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Saturday, 26 September 2015

Bag Making Bonus Blog Post

As promised, I am posting again before next month's post... it's slightly later than I would have liked, mainly due to my having been poorly.

I won't cover all the usual things, I'll save those for the next post (around a week away), this is going to be a how-to about making a reusable shopping bag.
 

This is because I have a bag pattern, which I was trying to upload to a Facebook group, but couldn't manage it (yeah, yeah, middle-aged technophobe). The thread started because in case you've missed it, as of 5th October 2015, England will catch up with the rest of the UK and begin to charge for single use carrier bags. This is a legal requirement, and shops failing to comply will face thousands of pounds in fines for every single bag they give away free.
 
Some large supermarkets (naming no names, but I'm sure an internet search will tell you) have promised to give the money they get from this to charity, but the charge is set to be 5 pence per bag.

In order to avoid paying this, more people will be taking their own reusable bags shopping with them, and I have a pattern for just such a bag.
 
Now the original pattern was for a lined bag, with an inner pocket, and I promise that I will upload a blog post for the full, lined and pocketed version in a few weeks.
However, for speed, here's the unlined, speedy and easy version.

DISCLAIMER: I am not a top-notch seamstress. I am, at best, average, at worst, barely passable. If I can do this, anyone can!
Second disclaimer: If you don't have a sewing machine, you can absolutely, stitch this by hand. LittleBit has made a miniature version by hand, as have I, however, it obviously takes longer to do, and it is very important that you use small, neat stitches. As small, as neat, and as close together as you possibly can.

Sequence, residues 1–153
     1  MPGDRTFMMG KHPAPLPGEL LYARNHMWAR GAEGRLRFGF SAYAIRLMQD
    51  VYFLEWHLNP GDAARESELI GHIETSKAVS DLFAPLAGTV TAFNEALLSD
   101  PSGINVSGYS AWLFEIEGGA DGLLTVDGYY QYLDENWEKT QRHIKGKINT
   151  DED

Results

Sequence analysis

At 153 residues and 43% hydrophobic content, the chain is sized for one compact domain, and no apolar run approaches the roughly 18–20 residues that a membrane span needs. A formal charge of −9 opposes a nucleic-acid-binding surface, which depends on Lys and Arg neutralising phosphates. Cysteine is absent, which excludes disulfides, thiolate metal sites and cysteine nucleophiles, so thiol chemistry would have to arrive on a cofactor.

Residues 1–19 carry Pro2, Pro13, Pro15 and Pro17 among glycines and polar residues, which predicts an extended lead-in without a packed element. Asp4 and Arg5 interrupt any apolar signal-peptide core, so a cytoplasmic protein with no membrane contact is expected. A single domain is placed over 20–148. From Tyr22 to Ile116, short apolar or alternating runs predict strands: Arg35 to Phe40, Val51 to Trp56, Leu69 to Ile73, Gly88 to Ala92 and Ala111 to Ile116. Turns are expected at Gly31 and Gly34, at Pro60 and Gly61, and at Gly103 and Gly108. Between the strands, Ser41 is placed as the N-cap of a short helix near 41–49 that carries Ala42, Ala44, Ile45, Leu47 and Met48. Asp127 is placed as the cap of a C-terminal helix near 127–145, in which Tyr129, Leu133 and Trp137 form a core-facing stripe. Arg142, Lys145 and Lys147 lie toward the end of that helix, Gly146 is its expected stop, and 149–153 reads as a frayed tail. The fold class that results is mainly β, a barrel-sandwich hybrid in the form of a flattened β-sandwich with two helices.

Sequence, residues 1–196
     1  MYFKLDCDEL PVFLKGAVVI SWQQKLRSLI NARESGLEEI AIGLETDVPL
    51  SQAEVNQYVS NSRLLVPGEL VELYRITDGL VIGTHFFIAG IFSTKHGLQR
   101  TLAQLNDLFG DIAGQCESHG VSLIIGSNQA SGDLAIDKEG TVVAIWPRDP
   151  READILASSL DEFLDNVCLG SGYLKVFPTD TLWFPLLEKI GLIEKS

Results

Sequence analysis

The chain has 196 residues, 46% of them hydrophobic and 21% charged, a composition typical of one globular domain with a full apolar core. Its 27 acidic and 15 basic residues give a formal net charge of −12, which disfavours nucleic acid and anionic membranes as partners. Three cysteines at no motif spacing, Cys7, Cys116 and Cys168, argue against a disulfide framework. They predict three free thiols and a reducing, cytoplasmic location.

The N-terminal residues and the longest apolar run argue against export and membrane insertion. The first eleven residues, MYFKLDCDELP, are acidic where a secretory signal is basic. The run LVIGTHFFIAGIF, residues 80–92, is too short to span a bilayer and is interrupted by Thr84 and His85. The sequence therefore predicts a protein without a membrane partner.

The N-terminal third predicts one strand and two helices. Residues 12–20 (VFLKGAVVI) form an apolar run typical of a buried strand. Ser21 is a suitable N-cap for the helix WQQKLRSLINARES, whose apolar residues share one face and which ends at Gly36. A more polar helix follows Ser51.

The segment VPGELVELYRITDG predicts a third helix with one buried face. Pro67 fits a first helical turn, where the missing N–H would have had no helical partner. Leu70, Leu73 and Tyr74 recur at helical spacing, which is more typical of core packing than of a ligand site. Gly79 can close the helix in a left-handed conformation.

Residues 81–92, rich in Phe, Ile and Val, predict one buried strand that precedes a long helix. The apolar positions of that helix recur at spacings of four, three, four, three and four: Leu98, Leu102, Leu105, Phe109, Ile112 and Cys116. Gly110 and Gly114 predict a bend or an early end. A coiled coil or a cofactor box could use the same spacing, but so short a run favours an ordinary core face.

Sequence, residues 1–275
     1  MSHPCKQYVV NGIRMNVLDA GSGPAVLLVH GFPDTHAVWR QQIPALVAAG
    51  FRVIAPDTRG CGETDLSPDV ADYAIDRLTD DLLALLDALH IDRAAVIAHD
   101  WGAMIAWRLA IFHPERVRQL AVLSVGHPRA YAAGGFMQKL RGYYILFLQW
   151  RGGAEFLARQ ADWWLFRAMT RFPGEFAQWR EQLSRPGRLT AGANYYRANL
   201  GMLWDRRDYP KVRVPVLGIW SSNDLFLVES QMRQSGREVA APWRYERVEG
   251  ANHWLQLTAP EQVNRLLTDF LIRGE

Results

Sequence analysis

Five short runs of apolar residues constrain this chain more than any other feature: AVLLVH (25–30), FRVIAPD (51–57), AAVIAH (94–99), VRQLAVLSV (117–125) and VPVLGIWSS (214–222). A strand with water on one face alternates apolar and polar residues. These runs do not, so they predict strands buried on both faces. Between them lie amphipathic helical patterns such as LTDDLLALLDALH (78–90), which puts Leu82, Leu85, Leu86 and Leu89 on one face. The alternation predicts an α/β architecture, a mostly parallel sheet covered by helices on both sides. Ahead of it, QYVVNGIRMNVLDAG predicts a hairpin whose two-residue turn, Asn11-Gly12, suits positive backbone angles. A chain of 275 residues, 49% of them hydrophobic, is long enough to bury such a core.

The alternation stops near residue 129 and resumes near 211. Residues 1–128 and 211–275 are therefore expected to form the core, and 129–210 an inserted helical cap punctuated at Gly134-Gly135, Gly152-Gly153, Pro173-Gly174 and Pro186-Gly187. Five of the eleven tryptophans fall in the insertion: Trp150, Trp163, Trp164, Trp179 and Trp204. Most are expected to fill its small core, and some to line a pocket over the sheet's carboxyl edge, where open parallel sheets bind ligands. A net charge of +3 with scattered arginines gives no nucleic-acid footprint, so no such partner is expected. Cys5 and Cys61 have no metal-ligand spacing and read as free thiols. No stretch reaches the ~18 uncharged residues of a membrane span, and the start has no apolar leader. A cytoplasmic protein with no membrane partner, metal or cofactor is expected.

I have a sewing machine, so I did use it.
You will need:
  • Fabric. (If you're buying this, you can make this bag with 2 fat quarters, however, you can use cut up old clothes. Try to avoid using really thick fabric like good quality denim, unless you have a substantial needle/sewing machine needle, ideally a leather work needle, because the hems can snap an ordinary needle.)
  • Cotton/thread.
  • A tape measure (You can just use a ruler if you don't have one)
  • A ruler (if you have a tape measure, but no long ruler, anything with a straight edge you can draw a line against will work - but you'll need something with measurements on.)
  • A pencil (ideally a taylor's pencil, but a standard pencil will do for a shopping bag)
  • Pins
  • A needle (or sewing machine)
  • Scissors (if you don't have dedicated fabric scissors, find the strongest, sharpest pair you have, and chop up some tin foil to sharpen them further before you use them.
  • Access to an iron (and a surface to iron on)
Optional extras:
  • A paper pattern (This is too big for a standard printer, so I've described it at the bottom of the post - you can make it yourself with a pencil, a ruler, a pair of scissors and a large piece of paper - kids art paper on a roll, or greaseproof paper will work fine. You don't need a paper pattern, you can just measure and cut the fabric directly, which I did making the bag for this example. But if you're not confident, it's worth using a pattern.)
  • A knitting needle (this isn't for knitting anything, so don't go and buy one specially, you can use a pencil if you don't have one, the knitting needle just makes it a bit easier if you have one handy).
Using a sewing machine, it took me a total of an hour and a half, but I kept stopping and starting because I was doing other things, I could probably do it in 45 minutes or less, if I just sat and concentrated on it.
So anyway. Fabric. I used two fat quarters made out of the same fabric. In case you don't know what a fat quarter is, it's an end of fabric, sold pretty cheaply in fabric shops/online. I had two the same in my fabric basket, but you can do this with a cut up old t-shirt if you don't want to go and buy fabric especially.
Fat quarters usually come folded like this top picture, but unfolded, it's around 55cm square... Handily big enough to make one side and one handle of a reusable shopping bag. I am dull, and used two identical pieces of mottled grey fabric, but you can use two different patterned fabrics if you like.